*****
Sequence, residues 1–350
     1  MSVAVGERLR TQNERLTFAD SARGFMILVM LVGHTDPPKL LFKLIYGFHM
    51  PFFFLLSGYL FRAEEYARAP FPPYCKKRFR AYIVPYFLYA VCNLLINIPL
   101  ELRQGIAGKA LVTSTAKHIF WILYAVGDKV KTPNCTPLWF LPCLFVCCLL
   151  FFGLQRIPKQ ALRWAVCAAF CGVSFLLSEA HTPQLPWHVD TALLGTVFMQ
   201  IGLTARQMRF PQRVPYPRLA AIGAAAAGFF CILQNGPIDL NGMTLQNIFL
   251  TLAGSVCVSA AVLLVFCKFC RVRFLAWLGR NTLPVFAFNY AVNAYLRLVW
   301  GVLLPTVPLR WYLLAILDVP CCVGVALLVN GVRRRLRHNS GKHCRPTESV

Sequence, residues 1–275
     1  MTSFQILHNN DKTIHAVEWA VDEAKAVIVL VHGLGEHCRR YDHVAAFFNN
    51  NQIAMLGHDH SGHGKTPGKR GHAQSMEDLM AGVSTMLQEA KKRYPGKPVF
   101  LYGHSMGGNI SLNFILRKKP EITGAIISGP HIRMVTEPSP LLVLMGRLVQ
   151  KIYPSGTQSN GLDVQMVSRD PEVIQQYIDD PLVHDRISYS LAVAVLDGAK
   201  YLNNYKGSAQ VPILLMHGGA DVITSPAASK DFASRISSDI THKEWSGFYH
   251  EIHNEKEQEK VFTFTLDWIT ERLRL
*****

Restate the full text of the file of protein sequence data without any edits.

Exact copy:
Sequence, residues 1–350
     1  MSVAVGERLR TQNERLTFAD SARGFMILVM LVGHTDPPKL LFKLIYGFHM
    51  PFFFLLSGYL FRAEEYARAP FPPYCKKRFR AYIVPYFLYA VCNLLINIPL
   101  ELRQGIAGKA LVTSTAKHIF WILYAVGDKV KTPNCTPLWF LPCLFVCCLL
   151  FFGLQRIPKQ ALRWAVCAAF CGVSFLLSEA HTPQLPWHVD TALLGTVFMQ
   201  IGLTARQMRF PQRVPYPRLA AIGAAAAGFF CILQNGPIDL NGMTLQNIFL
   251  TLAGSVCVSA AVLLVFCKFC RVRFLAWLGR NTLPVFAFNY AVNAYLRLVW
   301  GVLLPTVPLR WYLLAILDVP CCVGVALLVN GVRRRLRHNS GKHCRPTESV

Sequence, residues 1–275
     1  MTSFQILHNN DKTIHAVEWA VDEAKAVIVL VHGLGEHCRR YDHVAAFFNN
    51  NQIAMLGHDH SGHGKTPGKR GHAQSMEDLM AGVSTMLQEA KKRYPGKPVF
   101  LYGHSMGGNI SLNFILRKKP EITGAIISGP HIRMVTEPSP LLVLMGRLVQ
   151  KIYPSGTQSN GLDVQMVSRD PEVIQQYIDD PLVHDRISYS LAVAVLDGAK
   201  YLNNYKGSAQ VPILLMHGGA DVITSPAASK DFASRISSDI THKEWSGFYH
   251  EIHNEKEQEK VFTFTLDWIT ERLRL